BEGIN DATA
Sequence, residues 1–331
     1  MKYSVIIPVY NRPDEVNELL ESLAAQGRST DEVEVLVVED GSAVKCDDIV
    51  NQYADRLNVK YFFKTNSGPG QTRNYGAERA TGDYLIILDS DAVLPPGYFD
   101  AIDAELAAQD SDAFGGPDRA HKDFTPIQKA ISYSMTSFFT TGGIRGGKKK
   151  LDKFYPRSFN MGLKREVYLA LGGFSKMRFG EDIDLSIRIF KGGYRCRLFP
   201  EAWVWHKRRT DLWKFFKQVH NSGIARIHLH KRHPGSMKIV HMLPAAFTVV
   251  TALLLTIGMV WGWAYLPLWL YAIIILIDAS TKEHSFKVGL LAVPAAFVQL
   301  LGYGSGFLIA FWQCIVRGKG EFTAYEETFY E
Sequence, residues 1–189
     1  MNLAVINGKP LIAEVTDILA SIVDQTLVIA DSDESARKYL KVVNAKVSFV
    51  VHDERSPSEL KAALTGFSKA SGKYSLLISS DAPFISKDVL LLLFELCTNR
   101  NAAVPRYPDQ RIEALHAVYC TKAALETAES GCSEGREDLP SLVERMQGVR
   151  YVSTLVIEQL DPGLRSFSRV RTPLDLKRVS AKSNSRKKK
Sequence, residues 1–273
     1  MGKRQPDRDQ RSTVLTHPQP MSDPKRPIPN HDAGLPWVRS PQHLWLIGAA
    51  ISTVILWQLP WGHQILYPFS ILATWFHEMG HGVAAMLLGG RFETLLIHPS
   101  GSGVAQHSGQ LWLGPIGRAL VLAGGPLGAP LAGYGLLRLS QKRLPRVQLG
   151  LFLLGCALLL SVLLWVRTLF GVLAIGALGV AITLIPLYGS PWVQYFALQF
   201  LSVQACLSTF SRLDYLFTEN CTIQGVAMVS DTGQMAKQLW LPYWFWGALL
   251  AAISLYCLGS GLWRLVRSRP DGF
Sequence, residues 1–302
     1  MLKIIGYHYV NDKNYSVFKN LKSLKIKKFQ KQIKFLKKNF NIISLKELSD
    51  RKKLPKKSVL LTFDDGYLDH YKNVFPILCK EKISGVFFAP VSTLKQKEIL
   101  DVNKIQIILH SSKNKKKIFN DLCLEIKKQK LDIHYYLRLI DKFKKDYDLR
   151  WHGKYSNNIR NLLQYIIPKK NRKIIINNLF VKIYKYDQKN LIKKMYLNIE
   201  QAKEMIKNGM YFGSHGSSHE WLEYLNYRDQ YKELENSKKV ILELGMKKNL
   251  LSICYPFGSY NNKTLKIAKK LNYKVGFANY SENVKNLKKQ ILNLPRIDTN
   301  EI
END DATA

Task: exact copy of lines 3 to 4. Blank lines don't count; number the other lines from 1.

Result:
    51  NQYADRLNVK YFFKTNSGPG QTRNYGAERA TGDYLIILDS DAVLPPGYFD
   101  AIDAELAAQD SDAFGGPDRA HKDFTPIQKA ISYSMTSFFT TGGIRGGKKK